What kind of structures are opposable toes?

Hold out your hand and look at your thumb. Touch the tip of each of your fingers with your thumb and think about all the ways you're able to grasp and manipulate objects using this amazing human "machine," the opposable thumb mechanism. (Opposable means capable of being placed against or opposite something.)

Primates — chimpanzees, gorillas, orangutans, and humans, to name a few — share the common trait of hands designed with opposable thumbs. This adaptation is critical to the survival of monkeys and apes who gather and grasp their food as they make their way from tree to tree. Humans, who can move their thumbs a greater stretch across the hand than any other primate, rely on the ability to grasp to operate tools, such as eating utensils, pencils, screwdrivers, and sewing needles.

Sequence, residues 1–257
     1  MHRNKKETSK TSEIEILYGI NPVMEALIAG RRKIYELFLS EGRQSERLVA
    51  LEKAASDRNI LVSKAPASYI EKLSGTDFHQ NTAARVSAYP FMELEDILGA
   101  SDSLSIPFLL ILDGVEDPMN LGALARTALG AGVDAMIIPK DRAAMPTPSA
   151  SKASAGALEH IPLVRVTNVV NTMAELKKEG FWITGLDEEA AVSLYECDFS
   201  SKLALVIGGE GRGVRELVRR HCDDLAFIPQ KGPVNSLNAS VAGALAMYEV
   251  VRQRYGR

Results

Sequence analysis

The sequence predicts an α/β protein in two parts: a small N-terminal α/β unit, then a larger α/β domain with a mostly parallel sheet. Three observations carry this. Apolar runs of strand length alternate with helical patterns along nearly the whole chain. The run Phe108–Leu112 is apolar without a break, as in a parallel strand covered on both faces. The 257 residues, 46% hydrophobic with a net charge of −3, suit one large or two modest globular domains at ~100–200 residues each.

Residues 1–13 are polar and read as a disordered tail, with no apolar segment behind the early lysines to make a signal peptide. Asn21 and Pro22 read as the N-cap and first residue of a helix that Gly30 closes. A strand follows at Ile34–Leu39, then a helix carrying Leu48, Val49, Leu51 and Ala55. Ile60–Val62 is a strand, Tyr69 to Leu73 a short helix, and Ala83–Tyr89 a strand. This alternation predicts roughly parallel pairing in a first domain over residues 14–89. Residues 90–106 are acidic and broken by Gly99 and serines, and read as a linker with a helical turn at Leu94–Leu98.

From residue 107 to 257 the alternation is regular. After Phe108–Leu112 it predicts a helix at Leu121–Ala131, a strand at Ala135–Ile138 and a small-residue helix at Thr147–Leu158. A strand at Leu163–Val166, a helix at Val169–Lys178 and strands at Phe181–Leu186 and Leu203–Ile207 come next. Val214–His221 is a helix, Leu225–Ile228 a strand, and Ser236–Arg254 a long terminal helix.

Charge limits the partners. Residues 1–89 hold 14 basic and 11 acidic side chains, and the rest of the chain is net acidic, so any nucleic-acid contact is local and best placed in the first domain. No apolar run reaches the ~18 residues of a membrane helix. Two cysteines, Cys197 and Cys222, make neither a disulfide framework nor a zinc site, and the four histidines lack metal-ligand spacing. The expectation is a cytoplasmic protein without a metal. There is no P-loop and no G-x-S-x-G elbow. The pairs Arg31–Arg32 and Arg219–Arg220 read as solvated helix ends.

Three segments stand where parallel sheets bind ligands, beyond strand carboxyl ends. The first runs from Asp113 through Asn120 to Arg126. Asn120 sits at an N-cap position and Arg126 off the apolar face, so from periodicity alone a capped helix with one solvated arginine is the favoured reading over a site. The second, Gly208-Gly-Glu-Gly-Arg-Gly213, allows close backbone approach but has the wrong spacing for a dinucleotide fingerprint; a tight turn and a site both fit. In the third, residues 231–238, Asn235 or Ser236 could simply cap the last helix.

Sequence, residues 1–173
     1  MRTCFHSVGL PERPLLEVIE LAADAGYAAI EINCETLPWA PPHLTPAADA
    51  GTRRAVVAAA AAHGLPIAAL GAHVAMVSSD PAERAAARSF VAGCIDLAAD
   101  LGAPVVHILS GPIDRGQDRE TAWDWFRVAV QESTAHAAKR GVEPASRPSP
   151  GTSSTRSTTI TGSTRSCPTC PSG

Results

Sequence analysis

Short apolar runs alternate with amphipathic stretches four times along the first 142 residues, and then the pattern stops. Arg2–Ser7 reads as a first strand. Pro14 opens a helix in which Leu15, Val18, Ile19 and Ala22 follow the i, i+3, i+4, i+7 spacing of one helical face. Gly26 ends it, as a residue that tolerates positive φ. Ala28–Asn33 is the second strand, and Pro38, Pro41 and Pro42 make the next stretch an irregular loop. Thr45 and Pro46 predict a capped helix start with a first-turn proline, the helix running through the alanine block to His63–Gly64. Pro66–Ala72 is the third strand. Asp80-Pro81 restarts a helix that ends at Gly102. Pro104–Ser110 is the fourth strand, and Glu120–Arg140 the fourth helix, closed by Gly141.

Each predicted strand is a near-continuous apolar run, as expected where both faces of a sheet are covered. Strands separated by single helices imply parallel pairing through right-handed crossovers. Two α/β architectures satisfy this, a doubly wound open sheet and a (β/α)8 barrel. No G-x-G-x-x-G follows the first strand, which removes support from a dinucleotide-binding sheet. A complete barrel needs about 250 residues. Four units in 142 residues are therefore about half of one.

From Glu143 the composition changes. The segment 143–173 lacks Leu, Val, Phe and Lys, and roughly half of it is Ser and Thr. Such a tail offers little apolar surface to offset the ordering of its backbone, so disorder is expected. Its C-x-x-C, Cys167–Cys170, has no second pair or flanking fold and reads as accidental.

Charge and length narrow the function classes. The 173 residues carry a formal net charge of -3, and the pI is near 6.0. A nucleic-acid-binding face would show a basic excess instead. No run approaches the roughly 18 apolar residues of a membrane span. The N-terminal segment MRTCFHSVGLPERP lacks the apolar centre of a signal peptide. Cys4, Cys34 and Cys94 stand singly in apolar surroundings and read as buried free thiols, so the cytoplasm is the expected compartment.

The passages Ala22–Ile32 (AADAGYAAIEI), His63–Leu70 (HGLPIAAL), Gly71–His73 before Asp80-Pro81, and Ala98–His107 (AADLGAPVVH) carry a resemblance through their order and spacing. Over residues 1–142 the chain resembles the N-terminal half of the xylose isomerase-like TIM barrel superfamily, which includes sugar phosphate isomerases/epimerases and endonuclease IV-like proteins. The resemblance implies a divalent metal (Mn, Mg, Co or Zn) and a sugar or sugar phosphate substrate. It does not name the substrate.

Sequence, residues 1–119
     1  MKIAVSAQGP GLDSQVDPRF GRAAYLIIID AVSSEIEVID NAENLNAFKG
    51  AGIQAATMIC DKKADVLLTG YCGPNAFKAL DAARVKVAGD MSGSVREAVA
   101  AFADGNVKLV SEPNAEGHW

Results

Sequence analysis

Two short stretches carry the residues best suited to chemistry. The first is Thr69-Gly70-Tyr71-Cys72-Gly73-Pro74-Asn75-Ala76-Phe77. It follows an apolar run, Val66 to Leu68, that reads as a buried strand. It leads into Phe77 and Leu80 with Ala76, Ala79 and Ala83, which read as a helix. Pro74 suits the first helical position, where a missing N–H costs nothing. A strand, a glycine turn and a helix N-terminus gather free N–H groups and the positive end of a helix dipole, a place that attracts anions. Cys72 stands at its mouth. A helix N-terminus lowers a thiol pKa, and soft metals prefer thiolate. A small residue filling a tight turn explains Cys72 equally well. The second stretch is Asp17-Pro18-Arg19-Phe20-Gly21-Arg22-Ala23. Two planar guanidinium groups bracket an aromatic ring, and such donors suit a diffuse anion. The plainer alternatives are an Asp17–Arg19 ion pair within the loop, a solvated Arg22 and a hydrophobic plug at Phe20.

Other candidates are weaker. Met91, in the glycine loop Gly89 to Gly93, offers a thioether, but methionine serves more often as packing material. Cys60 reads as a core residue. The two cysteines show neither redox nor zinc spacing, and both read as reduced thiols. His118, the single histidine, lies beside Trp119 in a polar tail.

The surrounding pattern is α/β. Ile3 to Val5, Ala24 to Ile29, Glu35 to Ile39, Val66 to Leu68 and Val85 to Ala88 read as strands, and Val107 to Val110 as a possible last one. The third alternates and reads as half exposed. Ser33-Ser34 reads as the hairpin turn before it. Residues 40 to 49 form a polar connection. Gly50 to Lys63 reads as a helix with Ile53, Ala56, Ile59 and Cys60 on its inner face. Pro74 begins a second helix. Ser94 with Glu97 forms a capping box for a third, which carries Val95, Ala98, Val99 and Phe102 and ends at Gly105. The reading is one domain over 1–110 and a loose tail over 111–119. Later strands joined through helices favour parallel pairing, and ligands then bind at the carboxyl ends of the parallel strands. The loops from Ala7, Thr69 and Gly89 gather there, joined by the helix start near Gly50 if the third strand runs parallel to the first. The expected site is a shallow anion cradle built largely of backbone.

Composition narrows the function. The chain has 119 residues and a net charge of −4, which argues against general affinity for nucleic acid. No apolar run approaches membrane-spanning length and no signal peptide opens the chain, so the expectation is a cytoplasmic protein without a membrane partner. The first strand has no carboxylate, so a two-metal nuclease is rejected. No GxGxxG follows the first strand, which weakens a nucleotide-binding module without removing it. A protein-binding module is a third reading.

Now, think about your big toe. Can you move it all around to touch your other toes? No? What kind of primate are you, anyway? Unlike other primates, humans don't have an opposable toe structure, feet that function like hands for grasping. Opposable toes come in quite handy when monkeys or apes need to climb a tree or grasp a branch — either for leisurely dining or for quick escape from unwelcome visitors.

Primates aren't the only animals that depend on bendable digits. Opposums hang onto branches with the toes on their hind feet, and giant pandas use a part of their wrist bone like an opposable thumb to clutch tasty spears of bamboo — all in a day's work in a world of ever-evolving species!